My mother comes into the bathroom to get the hair dryer while I am drying off from a bath. She says, “What is that on your hip?” I smirk, “You should know.” My voice is hardly above a whisper but she gets the point, she looks at me with eyes that are my own. Her lips curl in on themselves and she steals a continuous look that travel across my ribs, down to the top of my thigh. She shivers. “You know this is the only thing that has ever made me feel as murderous as my mother. Can I hug you over your towel?” She can sense my apology but I only say, “It’s been years. It’s not like you haven’t seen them before.” She leaves because she knows that touches are electric blue flames lapping my skin up, messy and grotesque, like a parched dog finding a puddle in the heat.
There is this boy I meet after the trauma that swept me into isolation. At seventeen, I am hostile and blunt and very into my education and liquor. He tiptoes into my world out of nowhere and immediately annoys me because he can barely speak my language. Yet, he clings like a gnat. He’s asking too many questions in his broken, deformed English that he knows I won’t answer and telling me jokes that I do not understand. He shows up at sunset on my mother’s doorstep searching for me on the first day I ever crack a grin at him. Somehow, my family falls more in love with him that evening on the deck than I ever will think about being and for that reason alone, he is allowed into my life. He cooks dinner with my soft-spirited mother and wraps Christmas presents with my spiny-hearted Nana. He never complains when I want to sleep through the day, he just sits beside me as I dream. I wake up to cut fruit and cigarettes beside my bed, and his fingers slowly moving across the surface of my skin.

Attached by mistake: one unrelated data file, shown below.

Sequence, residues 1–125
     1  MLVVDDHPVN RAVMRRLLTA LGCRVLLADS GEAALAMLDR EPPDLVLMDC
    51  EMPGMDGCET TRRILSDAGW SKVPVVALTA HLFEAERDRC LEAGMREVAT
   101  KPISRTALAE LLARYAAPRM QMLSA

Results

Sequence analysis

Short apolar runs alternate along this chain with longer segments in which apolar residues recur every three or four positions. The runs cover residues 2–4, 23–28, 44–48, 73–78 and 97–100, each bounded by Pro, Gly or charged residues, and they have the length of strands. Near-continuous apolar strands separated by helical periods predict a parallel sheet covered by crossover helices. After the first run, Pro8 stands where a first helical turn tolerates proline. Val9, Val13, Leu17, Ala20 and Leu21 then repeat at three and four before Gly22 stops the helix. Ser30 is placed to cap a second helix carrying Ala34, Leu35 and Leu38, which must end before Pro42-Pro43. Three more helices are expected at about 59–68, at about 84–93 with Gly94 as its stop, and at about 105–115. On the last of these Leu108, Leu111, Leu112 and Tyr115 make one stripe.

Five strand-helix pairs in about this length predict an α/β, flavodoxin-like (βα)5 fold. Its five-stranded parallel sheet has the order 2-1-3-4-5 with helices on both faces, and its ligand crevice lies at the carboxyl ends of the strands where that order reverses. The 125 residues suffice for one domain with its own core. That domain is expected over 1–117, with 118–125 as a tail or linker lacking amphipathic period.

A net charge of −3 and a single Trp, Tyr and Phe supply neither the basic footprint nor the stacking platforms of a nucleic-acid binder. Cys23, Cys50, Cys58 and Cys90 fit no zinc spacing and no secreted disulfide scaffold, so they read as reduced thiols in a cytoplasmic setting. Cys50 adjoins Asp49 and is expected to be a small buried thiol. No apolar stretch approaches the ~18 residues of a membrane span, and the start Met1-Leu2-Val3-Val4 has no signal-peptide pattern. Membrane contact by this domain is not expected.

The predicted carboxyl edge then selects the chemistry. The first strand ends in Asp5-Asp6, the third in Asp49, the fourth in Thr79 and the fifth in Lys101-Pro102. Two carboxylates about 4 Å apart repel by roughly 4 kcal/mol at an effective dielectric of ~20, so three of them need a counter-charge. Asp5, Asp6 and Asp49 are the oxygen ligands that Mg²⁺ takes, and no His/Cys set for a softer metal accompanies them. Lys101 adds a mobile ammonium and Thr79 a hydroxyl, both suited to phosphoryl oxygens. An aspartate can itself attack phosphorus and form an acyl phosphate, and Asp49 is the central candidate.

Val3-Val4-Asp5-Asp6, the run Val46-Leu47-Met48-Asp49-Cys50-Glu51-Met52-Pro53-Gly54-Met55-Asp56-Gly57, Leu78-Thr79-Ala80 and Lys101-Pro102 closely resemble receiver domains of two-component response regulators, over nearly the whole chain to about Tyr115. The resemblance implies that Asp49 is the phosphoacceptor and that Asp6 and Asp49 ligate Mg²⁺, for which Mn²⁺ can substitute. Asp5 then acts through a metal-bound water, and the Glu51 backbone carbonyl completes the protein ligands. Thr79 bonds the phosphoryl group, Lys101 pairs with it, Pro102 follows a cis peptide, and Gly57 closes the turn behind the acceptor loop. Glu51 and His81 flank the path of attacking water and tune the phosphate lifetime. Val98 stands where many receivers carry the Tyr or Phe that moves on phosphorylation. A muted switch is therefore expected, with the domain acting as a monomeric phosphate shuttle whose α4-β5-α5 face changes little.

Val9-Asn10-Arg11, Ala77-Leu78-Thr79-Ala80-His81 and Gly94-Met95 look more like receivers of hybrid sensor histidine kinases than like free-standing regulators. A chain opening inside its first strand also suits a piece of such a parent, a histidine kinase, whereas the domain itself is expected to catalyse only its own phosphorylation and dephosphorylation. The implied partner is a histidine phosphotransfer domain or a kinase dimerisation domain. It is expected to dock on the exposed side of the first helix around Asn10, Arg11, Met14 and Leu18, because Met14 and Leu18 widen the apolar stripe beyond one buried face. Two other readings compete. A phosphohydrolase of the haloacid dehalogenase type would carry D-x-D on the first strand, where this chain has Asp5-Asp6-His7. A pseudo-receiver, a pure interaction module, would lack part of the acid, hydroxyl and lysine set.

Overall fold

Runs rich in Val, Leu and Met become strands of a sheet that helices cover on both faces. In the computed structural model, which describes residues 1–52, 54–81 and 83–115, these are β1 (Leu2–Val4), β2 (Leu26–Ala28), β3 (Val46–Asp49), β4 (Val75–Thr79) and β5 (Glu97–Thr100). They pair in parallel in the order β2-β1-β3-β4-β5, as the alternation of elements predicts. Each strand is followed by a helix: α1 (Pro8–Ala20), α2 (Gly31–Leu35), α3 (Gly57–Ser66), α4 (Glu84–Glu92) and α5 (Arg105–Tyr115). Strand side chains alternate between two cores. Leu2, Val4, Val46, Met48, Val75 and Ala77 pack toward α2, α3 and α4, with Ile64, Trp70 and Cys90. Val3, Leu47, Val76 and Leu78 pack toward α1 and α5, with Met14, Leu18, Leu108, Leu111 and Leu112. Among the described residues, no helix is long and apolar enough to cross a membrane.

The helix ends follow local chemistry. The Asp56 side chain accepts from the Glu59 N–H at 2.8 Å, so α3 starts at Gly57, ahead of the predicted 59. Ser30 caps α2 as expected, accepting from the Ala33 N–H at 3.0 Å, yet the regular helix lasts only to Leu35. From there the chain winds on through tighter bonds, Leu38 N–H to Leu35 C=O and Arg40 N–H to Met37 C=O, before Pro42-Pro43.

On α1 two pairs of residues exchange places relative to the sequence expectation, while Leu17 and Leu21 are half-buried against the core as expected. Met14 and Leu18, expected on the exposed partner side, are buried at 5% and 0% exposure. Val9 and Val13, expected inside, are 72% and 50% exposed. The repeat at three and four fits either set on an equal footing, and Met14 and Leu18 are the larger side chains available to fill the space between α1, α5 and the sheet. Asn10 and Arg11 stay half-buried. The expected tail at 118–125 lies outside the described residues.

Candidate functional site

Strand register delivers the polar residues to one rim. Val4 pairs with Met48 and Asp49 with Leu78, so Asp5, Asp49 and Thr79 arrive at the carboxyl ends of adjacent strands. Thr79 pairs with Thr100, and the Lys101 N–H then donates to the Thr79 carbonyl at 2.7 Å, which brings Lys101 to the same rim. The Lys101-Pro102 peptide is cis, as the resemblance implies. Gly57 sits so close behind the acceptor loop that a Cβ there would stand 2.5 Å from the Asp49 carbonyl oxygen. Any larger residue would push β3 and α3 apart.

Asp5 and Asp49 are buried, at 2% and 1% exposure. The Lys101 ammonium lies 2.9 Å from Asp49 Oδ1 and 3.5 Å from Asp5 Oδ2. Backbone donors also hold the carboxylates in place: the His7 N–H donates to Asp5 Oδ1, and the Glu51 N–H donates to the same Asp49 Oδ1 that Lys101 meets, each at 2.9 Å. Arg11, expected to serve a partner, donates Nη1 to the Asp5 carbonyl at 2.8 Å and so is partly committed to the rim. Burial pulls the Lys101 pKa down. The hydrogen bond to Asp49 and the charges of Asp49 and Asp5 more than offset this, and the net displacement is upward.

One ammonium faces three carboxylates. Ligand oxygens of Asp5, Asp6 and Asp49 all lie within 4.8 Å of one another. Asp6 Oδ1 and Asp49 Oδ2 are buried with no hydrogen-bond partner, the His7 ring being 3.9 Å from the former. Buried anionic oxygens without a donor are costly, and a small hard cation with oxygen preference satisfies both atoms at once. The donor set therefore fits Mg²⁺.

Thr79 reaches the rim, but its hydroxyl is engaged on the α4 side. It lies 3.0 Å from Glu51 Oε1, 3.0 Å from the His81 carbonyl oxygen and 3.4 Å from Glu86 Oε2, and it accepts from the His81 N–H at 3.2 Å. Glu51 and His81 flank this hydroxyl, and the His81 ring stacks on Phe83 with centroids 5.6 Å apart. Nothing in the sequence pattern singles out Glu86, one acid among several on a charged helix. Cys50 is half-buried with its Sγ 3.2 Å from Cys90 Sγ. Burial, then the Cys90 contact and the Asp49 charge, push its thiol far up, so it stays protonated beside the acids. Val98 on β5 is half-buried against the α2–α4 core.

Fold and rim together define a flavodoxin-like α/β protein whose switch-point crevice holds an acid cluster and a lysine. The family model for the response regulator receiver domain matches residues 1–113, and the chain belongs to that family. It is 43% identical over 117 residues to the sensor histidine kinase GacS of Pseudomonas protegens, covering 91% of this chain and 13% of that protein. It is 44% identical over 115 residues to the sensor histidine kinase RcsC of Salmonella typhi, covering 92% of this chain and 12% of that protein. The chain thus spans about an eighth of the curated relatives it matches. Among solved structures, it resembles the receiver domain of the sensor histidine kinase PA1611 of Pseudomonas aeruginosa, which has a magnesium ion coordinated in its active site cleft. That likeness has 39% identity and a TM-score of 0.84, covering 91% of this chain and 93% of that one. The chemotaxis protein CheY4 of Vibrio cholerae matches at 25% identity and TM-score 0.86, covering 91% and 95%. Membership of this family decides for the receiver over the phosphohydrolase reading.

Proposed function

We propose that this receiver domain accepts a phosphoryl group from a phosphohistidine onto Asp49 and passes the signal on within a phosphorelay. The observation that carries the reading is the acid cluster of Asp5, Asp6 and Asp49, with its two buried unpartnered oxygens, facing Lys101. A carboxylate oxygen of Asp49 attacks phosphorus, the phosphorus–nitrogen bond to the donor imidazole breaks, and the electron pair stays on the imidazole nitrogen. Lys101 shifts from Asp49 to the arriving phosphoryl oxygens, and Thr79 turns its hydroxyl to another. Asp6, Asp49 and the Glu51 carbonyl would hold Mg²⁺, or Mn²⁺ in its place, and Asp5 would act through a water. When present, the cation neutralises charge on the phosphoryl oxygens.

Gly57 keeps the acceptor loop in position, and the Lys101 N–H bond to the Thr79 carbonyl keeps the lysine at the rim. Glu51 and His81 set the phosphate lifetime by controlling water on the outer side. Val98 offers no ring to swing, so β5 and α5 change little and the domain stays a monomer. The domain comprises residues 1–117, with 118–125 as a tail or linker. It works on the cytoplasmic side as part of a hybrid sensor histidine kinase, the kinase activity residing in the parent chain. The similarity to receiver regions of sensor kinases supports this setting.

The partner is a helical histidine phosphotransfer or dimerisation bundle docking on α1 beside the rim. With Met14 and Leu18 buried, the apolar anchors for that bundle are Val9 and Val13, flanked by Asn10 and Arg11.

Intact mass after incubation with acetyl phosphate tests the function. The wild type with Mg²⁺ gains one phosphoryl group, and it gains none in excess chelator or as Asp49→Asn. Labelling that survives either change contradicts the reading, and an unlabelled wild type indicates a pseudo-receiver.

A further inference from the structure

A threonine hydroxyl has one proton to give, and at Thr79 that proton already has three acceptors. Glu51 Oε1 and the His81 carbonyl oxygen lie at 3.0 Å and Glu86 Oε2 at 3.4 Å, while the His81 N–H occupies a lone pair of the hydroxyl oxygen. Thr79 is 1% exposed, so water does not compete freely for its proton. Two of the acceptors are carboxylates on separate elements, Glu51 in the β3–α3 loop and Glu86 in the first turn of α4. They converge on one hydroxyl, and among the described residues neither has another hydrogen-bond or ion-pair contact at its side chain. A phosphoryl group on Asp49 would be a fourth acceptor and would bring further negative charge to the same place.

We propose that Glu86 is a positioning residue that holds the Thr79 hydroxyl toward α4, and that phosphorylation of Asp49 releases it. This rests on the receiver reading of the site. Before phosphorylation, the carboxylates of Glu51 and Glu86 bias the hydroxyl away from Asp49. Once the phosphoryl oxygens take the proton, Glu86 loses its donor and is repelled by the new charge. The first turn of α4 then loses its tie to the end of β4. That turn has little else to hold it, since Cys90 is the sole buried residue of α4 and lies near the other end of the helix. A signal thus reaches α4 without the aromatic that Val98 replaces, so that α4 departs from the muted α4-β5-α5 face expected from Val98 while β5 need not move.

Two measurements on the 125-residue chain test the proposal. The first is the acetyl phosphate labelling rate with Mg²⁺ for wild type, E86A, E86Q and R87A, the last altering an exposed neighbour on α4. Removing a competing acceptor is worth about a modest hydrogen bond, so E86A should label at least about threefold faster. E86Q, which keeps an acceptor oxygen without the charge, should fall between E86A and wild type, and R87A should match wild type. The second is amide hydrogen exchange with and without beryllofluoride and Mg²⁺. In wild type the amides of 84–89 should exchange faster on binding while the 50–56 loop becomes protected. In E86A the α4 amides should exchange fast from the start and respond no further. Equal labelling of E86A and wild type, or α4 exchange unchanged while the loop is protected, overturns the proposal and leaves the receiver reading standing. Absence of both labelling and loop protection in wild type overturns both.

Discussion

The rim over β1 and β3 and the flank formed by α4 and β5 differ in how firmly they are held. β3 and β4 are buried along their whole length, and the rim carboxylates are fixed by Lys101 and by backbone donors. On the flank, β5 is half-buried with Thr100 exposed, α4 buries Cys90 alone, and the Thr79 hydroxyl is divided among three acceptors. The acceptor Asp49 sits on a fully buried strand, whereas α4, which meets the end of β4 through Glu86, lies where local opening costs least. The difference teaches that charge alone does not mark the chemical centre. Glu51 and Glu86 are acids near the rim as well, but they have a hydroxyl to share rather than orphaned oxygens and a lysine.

When he sees the scars it’s because we are camping and before that, I hadn’t been in the woods with a boy for six years, but there is safety in his foreignness and his coming departure. When he saw my bare hip, his mouth formed a perfect O and he sadly stares. You could make beautiful out of ugly memory. Tattoo over. My sister did. I like that he doesn’t call them scars, he doesn’t mention that they are perfect circles and he doesn’t ask who did them. But he does scratch furiously at his own rib cage as he slips from the zipper door and I know he is burning up, though he doesn’t know why. A moment passes and he pokes his head back in, says he’s feeling sick, he’ll go for a walk and be back.
Wildflowers are clutched in his fist when he returns. He looks at me softer than any creature like me should be looked at and whispers that I should get these flowers drawn on my ribs to represent the beauty of uncertainty.
I still don’t know if he said what he was trying to, but I like to think he did.
Sydney Craig is a double major who really just wants to explore the world. She adores spontaneous road trips, antique hunting, photography that makes you feel something, and laughter of all calibers.